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Mother Dearest, We Salute You.

Bar Christmas, Easter and Valentine’s, today is one of the most important dates of the year…Yes, it’s mother’s day! The bakeries of Nicaragua are overrun with orders, and the florists are raking in serious cash money. Hecho wants to wish all the mamacitas and mamasotas out there a very happy mother’s day, and while we’re at it we’d like to highlight two very special celebrations of this day.

Hitlist III

6. Erdmann’s. First it was the black gold (coffee) and now it’s something even better. Foodie-heaven Espressonista in Granada has provided beer lovers in Nicaragua with the happiest alternative since the seasonal Maestro beer was launched! The artisanal, German-inspired home brew – named after the brewer/inventor, Falk Erdmann – comes in small quantities of ales and stouts, and rates highly on our yumometer. Erdmann’s is only available in limited edition batches, so you may have to sit tight, but believe us – it’s worth a road trip AND a wait. Cheers!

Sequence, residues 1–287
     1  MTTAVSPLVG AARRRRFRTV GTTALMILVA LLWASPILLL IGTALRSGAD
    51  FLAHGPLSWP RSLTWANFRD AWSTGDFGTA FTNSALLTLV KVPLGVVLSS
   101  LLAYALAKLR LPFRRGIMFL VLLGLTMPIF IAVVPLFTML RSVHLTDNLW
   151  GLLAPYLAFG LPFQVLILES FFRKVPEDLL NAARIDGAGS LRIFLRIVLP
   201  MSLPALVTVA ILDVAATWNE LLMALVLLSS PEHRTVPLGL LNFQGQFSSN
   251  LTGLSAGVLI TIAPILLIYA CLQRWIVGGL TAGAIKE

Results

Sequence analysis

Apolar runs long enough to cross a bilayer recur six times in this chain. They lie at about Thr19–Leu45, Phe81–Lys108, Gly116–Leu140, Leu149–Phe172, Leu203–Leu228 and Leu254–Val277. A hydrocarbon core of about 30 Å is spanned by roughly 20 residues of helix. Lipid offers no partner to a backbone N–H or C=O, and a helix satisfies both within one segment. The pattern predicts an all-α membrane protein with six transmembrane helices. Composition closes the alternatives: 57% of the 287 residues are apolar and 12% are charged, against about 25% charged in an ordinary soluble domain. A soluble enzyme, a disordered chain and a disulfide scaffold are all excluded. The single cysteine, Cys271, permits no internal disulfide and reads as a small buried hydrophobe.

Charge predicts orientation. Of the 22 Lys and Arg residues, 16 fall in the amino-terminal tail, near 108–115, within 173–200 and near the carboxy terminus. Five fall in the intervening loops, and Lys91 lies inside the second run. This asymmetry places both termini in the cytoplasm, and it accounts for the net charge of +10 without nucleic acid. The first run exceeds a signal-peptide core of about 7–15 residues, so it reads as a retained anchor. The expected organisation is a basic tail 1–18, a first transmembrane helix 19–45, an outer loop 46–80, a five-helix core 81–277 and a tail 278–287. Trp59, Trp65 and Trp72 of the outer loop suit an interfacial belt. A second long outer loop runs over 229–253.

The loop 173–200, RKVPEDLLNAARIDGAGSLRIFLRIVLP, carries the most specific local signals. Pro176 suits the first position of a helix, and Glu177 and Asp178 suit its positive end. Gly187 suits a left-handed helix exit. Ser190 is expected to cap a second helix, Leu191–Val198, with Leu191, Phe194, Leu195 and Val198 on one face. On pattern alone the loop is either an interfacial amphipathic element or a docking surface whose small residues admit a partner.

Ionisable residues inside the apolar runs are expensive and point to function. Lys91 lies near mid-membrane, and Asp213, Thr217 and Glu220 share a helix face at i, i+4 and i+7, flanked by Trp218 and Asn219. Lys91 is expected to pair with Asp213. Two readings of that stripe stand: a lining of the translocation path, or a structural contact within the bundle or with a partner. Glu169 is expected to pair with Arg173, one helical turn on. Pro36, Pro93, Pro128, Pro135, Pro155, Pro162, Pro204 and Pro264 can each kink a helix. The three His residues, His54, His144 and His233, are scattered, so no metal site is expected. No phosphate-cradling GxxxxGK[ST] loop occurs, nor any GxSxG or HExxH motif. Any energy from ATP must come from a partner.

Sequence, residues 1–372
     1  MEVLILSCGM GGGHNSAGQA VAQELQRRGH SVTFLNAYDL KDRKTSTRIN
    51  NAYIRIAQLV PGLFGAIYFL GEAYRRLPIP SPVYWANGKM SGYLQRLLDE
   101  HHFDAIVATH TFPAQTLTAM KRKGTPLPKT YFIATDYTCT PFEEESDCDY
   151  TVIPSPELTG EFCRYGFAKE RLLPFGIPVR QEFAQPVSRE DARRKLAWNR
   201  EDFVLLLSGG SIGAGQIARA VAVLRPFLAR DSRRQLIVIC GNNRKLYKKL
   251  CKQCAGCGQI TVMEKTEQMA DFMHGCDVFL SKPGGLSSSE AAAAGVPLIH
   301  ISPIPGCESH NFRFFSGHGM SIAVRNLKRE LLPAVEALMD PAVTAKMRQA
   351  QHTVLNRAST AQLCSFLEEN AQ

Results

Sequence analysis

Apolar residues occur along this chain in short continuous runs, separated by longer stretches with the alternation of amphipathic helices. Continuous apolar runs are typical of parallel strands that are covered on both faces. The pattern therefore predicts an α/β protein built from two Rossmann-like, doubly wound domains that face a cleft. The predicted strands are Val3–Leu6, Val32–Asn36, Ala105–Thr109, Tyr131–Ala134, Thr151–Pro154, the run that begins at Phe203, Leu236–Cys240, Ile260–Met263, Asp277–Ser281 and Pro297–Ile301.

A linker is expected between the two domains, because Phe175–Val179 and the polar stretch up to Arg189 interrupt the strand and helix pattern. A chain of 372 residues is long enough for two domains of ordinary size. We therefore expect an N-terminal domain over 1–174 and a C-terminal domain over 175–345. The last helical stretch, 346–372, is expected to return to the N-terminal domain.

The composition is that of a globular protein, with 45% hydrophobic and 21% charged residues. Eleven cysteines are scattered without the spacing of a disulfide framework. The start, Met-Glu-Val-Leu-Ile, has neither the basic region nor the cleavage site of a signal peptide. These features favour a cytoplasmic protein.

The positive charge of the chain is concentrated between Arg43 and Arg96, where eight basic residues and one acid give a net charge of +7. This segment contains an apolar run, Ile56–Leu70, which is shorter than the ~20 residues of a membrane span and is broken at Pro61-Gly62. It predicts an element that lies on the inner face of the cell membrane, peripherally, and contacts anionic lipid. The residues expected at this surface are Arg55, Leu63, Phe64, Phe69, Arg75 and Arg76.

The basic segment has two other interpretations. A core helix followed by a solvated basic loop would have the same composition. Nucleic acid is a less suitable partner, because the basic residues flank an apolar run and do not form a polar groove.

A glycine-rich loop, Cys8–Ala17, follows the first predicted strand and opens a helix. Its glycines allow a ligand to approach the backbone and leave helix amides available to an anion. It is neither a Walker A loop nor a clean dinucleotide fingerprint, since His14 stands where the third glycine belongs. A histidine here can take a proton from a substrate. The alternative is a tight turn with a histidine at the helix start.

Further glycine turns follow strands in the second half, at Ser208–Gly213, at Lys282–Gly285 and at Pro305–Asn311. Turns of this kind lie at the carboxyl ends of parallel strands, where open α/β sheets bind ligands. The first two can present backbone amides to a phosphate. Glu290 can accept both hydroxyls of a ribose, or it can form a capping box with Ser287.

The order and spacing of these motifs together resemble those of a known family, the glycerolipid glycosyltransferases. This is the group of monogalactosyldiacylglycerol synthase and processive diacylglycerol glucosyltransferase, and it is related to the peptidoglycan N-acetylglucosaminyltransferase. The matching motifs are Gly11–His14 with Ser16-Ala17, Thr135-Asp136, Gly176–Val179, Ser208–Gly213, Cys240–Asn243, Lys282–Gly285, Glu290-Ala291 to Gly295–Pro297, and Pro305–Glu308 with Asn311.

Elemental madness with Fire & Water

On Feb 16th, Isla Ometepe’s twin peaks will literally be overrun by extreme (and philanthropic) athletes. The Fuego y Agua event includes several divisions of running races, as well as the intense all-day survival race – this masochistic category has a 4am kickoff, and competitors must bring their own survival/first aid kits in case they fall while running, swimming, digging, or tackling surprise obstacles. Only the truly hardcore need apply for that one!

Nicaraguan Cigars: Making a Mark

The early 60’s became a milestone in the history of Nicaraguan Cigars. Cuban émigrés from the Pinar del Rio region came to Nicaragua with their prized tobacco seeds and technical knowledge. Over the next few years, the rudimentary cultivation of indigenous “chilagre” tobacco that had been practiced in the Jalapa Valley evolved, giving birth to what is today one of the most important tobacco growing areas in the world.

Luis Chamorro

“I used to walk to Maderas (surf beach), because back then there really was no other means of transportation, tourism hadn’t blown up yet,” Luis recalls. “That’s how I got started, I learned by myself there at the beach and eventually I began competing.”